Are you concerned that someone may make a claim against the estate?

Or have legal proceedings being commenced against you as executor of a will?

Below we detail all you need to know about defending a will and what you may expect.


It is the role of the legal personal representative of the estate, that is the executor or the administration, to defend any claims made against the estate.

Defending a claim not only means upholding the terms of the deceased’s will, but also compromising on any reasonable claims made against the estate. Ultimately, the executor or administrator must act in the best interest of the estate and the beneficiaries.


Generally speaking, there are two types of claims as follows:

Contesting a will and Challenging a will.


Contesting a will, otherwise referred to as a family provision claim, is a claim made by an eligible person for provision or further provision out of the deceased’s estate. You may find out more information about contesting a will here.

There may be other circumstances where people contest a will including but not limited to promissory estoppel or constructive trust claim.

A promissory estoppel may arise when a person makes a promise to another person, and that other person relies on this promise to their own detriment.

A constructive trust is an equitable remedy that may be granted by a Court where one person received a benefit to the detriment of another person.


Where a person challenges a will, they are challenging the will on the basis the will is invalid for one or more of the following reasons:

  • The deceased lacked capacity at the time he or she signed their will;
  • The deceased did not understand the effect or approved of the contents of their will, otherwise known as “knowledge and approval;
  • Forgery or fraud is involved;
  • Undue influence;


Generally, an executor or administrator will first be put on notice of an impending claim. It is not usually the case that proceedings will be commenced without first having notice of such a claim. The reason for this is so the parties may have the opportunity to explore the possibility of settlement prior to commencement of court proceedings.

When an executor or administrator is put on notice of a claim, it is important to obtain details of the claim so you may be legally advised on how to deal with same.

If agreement cannot be reached as to the claim, then the claimant, also more commonly referred to as the plaintiff, will file a Summons or a Statement of Claim with the Supreme Court of New South Wales. The executor or administrator will be nominated as the defendant to those proceedings.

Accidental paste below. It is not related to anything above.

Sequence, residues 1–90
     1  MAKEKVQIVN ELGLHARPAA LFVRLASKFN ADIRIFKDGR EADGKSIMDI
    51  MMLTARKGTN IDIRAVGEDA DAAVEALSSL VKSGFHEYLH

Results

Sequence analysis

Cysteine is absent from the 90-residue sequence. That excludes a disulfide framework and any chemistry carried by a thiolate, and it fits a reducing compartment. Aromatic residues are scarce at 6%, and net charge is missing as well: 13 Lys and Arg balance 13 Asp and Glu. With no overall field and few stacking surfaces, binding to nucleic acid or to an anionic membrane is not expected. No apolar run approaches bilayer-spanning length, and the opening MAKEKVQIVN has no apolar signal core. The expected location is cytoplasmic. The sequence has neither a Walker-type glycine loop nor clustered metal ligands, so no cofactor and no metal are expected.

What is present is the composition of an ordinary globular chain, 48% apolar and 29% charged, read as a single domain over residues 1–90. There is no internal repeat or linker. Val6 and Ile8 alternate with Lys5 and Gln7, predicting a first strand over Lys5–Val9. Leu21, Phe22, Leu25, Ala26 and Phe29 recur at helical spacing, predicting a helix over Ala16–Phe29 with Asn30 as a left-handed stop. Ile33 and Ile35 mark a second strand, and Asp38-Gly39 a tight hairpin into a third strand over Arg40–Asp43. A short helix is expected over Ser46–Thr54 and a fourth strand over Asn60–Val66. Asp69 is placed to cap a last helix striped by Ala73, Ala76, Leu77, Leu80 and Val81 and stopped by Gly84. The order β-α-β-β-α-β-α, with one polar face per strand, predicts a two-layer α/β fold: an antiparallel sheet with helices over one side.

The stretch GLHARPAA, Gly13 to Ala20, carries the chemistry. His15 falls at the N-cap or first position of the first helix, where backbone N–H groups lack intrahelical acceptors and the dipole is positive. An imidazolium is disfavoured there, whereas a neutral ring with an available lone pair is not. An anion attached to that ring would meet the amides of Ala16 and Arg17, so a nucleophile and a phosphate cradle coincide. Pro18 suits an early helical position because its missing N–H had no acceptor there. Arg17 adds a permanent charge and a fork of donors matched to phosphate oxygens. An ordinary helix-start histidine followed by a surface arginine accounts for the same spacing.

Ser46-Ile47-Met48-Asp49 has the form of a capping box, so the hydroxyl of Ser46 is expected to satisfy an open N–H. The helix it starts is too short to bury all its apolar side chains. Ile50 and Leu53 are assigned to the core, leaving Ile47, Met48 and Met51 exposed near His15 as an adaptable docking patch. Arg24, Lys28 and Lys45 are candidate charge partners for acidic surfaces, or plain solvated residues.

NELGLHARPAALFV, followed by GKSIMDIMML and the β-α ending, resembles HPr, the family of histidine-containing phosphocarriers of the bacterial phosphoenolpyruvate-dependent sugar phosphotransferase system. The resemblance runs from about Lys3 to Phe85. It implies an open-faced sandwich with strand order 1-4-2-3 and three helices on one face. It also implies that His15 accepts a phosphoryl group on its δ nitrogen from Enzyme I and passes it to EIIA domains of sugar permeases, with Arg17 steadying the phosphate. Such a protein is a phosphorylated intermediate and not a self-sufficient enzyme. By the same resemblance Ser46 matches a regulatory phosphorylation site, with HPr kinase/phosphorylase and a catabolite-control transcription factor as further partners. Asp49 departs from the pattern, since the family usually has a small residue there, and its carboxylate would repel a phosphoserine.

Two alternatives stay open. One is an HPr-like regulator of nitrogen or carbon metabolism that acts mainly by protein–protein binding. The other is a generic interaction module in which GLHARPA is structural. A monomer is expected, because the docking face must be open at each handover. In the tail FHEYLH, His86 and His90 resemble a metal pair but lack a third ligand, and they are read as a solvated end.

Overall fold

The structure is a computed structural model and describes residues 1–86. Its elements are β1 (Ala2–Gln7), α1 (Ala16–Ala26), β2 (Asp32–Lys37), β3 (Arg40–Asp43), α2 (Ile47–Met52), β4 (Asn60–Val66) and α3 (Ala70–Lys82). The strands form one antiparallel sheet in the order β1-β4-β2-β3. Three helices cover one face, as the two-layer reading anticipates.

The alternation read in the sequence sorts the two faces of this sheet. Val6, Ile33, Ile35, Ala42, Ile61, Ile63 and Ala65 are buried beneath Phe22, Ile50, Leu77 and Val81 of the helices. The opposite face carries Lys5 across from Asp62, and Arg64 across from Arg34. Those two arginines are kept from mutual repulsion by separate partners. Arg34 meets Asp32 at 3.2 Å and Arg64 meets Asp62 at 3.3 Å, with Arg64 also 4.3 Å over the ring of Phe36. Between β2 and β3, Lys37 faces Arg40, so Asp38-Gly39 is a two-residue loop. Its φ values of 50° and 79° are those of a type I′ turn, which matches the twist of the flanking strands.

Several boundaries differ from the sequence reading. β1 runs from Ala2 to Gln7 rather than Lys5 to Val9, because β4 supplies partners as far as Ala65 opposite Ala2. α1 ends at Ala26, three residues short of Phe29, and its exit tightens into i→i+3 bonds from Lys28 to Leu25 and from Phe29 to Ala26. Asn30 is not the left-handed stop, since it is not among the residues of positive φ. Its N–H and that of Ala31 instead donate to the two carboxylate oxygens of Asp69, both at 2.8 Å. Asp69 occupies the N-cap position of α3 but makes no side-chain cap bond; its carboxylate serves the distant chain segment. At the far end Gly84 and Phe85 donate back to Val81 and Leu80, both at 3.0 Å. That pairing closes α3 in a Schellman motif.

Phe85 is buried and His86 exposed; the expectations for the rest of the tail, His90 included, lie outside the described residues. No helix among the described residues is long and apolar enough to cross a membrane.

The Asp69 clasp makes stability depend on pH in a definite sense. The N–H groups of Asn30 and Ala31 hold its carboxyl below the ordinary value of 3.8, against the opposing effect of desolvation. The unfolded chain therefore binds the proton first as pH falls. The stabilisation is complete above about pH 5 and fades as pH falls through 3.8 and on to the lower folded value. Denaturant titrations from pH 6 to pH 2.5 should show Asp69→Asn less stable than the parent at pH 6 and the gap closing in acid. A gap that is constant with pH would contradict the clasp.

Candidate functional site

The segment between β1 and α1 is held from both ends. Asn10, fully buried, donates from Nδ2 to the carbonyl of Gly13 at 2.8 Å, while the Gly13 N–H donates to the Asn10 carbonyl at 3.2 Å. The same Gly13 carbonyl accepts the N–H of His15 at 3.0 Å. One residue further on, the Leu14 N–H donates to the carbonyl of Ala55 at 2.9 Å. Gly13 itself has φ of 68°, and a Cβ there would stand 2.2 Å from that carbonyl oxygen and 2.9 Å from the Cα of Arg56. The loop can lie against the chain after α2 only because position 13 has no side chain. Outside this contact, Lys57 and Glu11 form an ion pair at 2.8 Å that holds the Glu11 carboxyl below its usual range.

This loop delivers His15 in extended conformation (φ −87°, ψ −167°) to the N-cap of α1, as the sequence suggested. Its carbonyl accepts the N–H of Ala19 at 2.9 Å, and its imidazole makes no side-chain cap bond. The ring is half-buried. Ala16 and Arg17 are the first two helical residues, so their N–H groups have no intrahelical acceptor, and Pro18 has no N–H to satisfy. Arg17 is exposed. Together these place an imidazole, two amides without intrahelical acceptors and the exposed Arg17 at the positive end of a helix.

Once the plaintiff has commenced proceedings, the matter will be proceed through the court process.

For the defendant to appear in the proceedings, the defendant must file an Appearance to the Summons or Defence to the Statement of Claim.

The legal representatives of the parties will then appear before the court for the purpose of obtaining a timetable for the service of evidence and general “running” of the matter.

The defendant will have the opportunity to file their evidence, including evidence of any beneficiary as the case may be, during the proceedings and once all evidence is filed, the parties will attend a mediation in an attempt to resolve the proceedings without the intervention of the court. Mediation is compulsory and cannot be stood aside.

If agreement is not reached at mediation, a hearing date will be appointed for the court to determine the outcome.

Although agreement may not be reached at mediation, the parties may still reach a settlement prior to hearing.

The proceedings are finalised when the judge hands down his or her judgement unless it can be found they erred in their decision resulting in an appeal.


Legal fees are very dependent on what stage the claim finalises.

If agreement is reached out of court, the fees will be much less then if the claim finalises at say mediation.

In most cases, any legal fees associated with defending any claims against the estate are paid from the estate, unless otherwise ordered by the Court.

A plaintiff will generally also claim their costs be paid out of the estate and this will depend on what agreement is reached at mediation.

If agreement is not reached at mediation or thereafter, and the matter is determined by a judge at a hearing, if the plaintiff is found to be successful in their claim, usually the court will make an order that some, or in some cases most, of the plaintiff’s costs be paid out of the estate.

The court has complete discretion when it comes to costs.